Let me just begin by saying that I can probably go the rest of my life without seeing the father of our country make a Martha sandwich and then embark on an alternative lifestyle.
Having said that, “Midnight Madness” was the most unbelievable, pull-out-all-the-stops, over-the-top, I-can’t believe-there’s-5,000-people-here, greatest-show-on-earth that I think that The George Washington University has ever put on. And they played basketball, too!
From the spotlights to the line as far as I could see, the beginning of the night already left me wondering where all these people had come from. Apparently the admissions department had finally added that “Are you a basketball fan?” question I had been requesting.
There was more going on at “Midnight Madness” than I could possibly comment on. And unlike some other people, I loved it all. I don’t know how anyone could complain that there was too much. Oh, wait, yes I do. They must have forgot or did not attend a little something Mike Jarvis liked to call “Colonial Madness.” This pulse-pounding event used to be held at, like, 7 p.m. There were no scrimmages, no explosions – heck, they didn’t even turn off the lights. You could taste the self-loathing in the room.
Now, here we are with a “Midnight Madness” that I dare any school in the country to beat. I even enjoyed the dancing Georges, although as Big George did his thing, I was quite confident he wasn’t the only George spinning. I even liked the bicycle show. Between the bicycle skid marks, the baton-twirler setting the floor on fire, and the bottle thrown on the court, I spent a great deal of time imagining Athletic Director Jack Kvancz ripping his hair out.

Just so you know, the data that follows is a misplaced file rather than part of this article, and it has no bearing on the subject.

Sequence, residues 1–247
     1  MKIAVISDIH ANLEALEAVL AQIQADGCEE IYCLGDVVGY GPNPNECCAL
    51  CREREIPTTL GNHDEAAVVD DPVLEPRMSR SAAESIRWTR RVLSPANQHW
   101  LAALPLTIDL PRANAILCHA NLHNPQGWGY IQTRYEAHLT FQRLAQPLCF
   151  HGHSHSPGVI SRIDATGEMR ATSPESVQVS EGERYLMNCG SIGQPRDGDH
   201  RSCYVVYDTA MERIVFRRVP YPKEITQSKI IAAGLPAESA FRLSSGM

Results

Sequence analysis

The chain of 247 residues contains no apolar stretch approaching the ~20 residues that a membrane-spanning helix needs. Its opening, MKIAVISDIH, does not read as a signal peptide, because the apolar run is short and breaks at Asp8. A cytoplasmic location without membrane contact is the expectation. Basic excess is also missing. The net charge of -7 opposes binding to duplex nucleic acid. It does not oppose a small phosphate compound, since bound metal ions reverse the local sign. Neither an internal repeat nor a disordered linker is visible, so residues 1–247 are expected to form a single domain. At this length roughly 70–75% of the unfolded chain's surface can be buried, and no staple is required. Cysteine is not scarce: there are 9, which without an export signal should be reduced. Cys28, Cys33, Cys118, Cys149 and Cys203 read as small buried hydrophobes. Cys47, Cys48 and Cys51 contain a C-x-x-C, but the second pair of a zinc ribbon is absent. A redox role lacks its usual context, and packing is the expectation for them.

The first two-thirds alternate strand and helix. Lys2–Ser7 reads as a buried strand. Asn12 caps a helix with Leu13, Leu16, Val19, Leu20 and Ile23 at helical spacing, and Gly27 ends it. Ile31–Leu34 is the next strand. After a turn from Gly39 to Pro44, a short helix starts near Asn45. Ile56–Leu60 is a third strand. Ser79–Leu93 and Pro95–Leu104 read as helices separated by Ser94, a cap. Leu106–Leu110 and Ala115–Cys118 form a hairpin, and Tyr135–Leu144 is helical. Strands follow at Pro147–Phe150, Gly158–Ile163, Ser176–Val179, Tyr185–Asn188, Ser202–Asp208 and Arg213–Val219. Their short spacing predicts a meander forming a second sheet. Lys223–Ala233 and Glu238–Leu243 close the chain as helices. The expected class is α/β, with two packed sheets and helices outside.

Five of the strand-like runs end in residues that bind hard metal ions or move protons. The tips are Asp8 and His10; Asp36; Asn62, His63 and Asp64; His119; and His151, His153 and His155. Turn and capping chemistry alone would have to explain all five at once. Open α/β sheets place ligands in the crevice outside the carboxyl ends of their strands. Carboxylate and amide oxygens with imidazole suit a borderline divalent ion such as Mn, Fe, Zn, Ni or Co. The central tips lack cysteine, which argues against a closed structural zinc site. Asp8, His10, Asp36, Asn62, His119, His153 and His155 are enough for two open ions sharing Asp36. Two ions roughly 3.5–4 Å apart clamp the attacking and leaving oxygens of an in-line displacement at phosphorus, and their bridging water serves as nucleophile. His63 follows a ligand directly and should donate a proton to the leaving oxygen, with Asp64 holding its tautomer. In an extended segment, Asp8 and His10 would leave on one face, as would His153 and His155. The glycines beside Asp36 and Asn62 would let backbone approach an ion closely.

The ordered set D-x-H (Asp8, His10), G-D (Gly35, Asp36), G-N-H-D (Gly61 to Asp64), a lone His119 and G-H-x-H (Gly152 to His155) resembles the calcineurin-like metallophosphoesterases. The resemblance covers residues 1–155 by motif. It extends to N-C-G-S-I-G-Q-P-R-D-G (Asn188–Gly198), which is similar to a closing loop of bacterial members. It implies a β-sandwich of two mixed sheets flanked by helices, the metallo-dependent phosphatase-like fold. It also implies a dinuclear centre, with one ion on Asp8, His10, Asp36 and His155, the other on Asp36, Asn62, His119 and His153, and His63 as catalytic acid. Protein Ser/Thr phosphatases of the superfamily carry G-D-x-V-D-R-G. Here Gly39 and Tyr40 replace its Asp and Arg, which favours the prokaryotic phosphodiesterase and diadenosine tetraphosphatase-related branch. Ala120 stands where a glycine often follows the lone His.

Then came the basketball. Glen Harris of NewsChannel 8, whatever that is, obviously needed a pronunciation guide, but it didn’t matter too much, because I couldn’t hear what he was saying anyways. Not that a valiant (SirValiant Brown, that is – THE BEST NAME IN COLLEGE SPORTS!) attempt at volume wasn’t made. I’m sure the parents think those giant speakers and flashing lights are always up there. What did we pay for this monstrosity?! Whatever it was, it was worth it.
But back to the actual basketball, which – give or take 20 full scholarships and some fat salaries – costs us nothing. The teams looked, well, a little ragged, but I think that anybody who took Friday night’s performance too seriously is forgetting that A.) That’s why they practice, and B.) Well, there is no B., but can I mention here that Mark Lund almost dunked?
But, I guarantee the products that debut in Alaska (men) and Nashville, Tenn. (women), will be far superior than the dunking/turnover machines you saw the other night. Not that I want everything to go away. Like seeing Bernard Barrow blow past defenders or Patrick Ngongba and Jason Smith absolutely killing the ball. Seriously, that stuff was n-n-n-n-nasty. Even Mike King is reverse-jamming now? Where did that come from?. Someone’s been prac-ti-cing.
So, the basketball was entertaining, and I don’t fault people who left before the scrimmages. When the lights came on and the smoke cleared, it was hard for mere human beings to seem anything but anticlimactic. That’s OK. For the first time Friday night, I wasn’t jealous of a single school in America. When they had to move those stands back because the place was about to bust, I was proud to be a student at GW. And that’s exactly what they wanted.
And if even half those people come back to a game, they’ll have to add on to the student section. (Hey, get this Dick Vitale’s preseason preview came out last week, and the Smith Center was named the toughest gym in the Atlantic 10.)
The one thing that sums up Friday night is the idea that GW is finally a University. Sports always brings communities together, and community is not a word that’s used much around here. But basketball just fits here, and, for the first time, we all seemed to fit here. I hadn’t seen that particular brand of footloose fun since high school. Maybe it’s premature, and God knows I’m getting pretty excited since we’re still over a month away from an actual game. But Friday night, GW felt like a real university. May it do so again.